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Florian Hoefner Group: Luminosity

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“Typical” and “generic” aren’t synonyms. Pianist Florian Hoefner works to create music that “doesn’t sound like generic jazz.” To be sure, Luminosity, Hoefner’s third album with his quartet, is not generic, with its oblong structures and meters that require listeners to search for the 1. But its use of those elements to distinguish it does make it fairly typical mid-2010s postbop.

But never mind: The point is it’s very good mid-2010s postbop, balancing its self-conscious complexity with accessibility. “Elements” is an instructive example. It deploys a 5/4 vamp (for Hoefner, bassist Sam Anning and drummer Peter Kronreif) that’s syncopated so it sounds like a fast waltz; it’s also set in a close harmony that makes it catchy, with a Seamus Blake tenor part that transcends lyricism to become anthemic. The harmonic and rhythmic cycles of “In Circles” tend to shrug off attempts to follow them, but at the same time Hoefner plays a solo that’s oddly welcoming. Blake’s solo, which follows, has a halting trajectory that seems as though it’s stopping to let passengers on and off; ditto his long-tone soprano lines on “Luminosity,” which also have able support from Anning. Hoefner’s structures may confound, but he and his ensemble find ways to bring the listener home.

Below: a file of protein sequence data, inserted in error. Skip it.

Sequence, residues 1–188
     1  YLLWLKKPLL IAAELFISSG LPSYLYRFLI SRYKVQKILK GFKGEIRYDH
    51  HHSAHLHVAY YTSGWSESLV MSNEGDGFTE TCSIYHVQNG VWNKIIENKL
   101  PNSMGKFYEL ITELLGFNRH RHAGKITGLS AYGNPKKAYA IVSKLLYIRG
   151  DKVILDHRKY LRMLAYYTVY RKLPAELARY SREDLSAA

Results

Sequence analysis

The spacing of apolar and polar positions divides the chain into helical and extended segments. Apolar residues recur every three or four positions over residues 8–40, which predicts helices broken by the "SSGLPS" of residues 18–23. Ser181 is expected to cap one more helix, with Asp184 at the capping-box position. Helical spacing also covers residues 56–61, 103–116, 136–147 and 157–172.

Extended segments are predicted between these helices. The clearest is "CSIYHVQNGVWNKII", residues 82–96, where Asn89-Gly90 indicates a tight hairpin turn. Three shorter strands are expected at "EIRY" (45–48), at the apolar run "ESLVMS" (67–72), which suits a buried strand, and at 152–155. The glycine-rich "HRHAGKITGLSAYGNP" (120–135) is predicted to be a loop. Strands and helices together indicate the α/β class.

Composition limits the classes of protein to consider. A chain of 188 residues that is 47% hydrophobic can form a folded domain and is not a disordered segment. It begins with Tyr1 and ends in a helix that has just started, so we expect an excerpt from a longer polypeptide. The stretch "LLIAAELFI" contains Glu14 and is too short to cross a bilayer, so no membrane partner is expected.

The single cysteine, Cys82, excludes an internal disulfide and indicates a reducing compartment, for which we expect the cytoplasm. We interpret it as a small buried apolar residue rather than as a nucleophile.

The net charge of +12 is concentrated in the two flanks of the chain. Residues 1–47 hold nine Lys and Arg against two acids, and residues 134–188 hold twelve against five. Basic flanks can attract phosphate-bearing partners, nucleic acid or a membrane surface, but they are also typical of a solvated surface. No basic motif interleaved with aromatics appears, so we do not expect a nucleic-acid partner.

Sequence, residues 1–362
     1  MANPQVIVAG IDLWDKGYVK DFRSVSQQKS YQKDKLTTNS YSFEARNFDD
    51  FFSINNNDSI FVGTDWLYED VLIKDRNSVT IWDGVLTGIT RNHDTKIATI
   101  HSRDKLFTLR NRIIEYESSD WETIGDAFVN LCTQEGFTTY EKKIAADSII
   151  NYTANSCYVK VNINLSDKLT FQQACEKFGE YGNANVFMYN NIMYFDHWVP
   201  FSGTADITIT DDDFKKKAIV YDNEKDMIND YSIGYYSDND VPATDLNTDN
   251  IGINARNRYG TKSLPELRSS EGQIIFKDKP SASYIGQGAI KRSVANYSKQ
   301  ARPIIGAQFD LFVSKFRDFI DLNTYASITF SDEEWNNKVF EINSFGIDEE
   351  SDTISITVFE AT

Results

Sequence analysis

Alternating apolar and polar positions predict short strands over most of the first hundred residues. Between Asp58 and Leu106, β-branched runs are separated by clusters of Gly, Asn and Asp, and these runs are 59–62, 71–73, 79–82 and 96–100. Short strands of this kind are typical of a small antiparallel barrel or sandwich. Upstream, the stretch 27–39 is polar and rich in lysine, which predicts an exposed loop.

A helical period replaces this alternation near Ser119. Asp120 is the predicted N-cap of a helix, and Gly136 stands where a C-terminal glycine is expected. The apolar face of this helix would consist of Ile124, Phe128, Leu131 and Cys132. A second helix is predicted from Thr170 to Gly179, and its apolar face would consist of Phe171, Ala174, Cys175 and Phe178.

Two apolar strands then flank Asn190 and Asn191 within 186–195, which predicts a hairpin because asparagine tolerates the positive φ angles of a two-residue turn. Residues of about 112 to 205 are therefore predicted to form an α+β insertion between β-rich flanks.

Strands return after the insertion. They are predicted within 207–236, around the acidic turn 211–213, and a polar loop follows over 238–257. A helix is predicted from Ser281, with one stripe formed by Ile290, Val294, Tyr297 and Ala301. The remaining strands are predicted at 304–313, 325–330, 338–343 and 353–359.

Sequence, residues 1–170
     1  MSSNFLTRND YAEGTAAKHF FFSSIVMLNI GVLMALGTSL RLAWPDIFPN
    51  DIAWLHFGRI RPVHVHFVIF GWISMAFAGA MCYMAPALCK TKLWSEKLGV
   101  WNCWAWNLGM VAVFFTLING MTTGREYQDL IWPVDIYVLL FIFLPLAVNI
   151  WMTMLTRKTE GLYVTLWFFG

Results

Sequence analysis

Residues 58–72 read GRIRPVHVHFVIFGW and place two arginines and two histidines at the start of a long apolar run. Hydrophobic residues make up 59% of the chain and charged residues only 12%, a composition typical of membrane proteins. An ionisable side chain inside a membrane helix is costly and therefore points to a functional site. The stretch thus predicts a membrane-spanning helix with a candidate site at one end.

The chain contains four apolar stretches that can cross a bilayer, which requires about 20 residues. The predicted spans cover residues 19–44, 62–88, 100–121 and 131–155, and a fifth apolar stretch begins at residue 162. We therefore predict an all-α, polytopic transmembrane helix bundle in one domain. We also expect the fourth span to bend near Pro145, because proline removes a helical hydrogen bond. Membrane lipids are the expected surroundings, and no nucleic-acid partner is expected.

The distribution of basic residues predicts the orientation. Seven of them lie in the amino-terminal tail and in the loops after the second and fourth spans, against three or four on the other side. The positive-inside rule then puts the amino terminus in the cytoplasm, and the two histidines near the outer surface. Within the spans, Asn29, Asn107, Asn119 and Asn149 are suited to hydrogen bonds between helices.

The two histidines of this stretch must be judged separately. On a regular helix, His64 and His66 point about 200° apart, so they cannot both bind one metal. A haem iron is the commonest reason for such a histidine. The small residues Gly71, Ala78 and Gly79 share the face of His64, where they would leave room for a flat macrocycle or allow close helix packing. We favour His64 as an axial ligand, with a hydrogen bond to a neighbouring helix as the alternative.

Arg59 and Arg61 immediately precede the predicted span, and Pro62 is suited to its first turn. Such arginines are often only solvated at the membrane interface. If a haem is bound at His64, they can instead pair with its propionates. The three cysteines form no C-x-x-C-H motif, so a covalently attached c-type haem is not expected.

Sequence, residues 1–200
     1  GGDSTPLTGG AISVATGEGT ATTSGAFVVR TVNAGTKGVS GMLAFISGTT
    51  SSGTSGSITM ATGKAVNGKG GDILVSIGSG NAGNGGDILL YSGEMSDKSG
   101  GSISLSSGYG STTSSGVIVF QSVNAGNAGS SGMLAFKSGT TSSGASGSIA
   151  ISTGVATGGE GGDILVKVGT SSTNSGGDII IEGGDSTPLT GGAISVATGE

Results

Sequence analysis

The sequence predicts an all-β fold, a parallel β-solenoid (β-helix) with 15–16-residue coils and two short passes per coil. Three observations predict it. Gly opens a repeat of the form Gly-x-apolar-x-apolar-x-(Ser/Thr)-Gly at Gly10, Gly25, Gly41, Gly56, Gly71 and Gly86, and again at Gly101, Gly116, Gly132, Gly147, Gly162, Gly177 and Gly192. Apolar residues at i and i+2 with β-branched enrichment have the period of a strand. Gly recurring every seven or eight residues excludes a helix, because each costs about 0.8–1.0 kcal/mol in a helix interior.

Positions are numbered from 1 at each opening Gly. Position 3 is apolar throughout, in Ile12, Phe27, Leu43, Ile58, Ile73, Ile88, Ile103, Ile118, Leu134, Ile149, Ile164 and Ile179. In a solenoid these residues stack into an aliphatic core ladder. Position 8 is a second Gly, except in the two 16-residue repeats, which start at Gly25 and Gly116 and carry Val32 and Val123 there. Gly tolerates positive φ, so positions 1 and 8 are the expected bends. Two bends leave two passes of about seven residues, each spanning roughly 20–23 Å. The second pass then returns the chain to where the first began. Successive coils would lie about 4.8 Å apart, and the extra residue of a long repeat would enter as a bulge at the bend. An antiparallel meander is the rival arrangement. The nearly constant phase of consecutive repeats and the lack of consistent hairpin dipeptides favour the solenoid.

There’s another, more atypical element at play on Luminosity: soul, the sort that traditionalists worry is being erased from jazz. No doubt that Seamus Blake, among the most casually soulful saxophonists of his generation, has something to do with that. On “The Narrows” his every note adds peppery flavor, and his phrases have bluesy inflections. “Newfound Jig,” based as it is on Irish dance music, nonetheless comes with a deep resonance (courtesy of Blake, Anning and Kronreif’s toms) that reaches all the way to Africa. Hoefner may abhor “generic,” but he knows his jazz.

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